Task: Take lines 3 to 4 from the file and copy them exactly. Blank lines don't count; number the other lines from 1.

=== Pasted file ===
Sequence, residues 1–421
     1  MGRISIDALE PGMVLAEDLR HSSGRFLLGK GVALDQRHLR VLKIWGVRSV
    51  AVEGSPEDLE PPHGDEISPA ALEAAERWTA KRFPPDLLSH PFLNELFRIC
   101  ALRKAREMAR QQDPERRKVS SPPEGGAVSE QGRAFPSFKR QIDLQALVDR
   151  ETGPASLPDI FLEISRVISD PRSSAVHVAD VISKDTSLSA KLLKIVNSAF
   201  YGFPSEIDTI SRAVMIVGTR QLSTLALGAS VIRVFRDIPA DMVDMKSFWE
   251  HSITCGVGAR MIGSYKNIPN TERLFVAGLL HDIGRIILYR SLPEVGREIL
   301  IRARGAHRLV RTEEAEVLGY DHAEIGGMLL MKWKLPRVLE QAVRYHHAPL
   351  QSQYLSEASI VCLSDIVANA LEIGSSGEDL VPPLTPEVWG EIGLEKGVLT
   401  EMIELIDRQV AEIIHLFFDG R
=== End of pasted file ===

    51  AVEGSPEDLE PPHGDEISPA ALEAAERWTA KRFPPDLLSH PFLNELFRIC
   101  ALRKAREMAR QQDPERRKVS SPPEGGAVSE QGRAFPSFKR QIDLQALVDR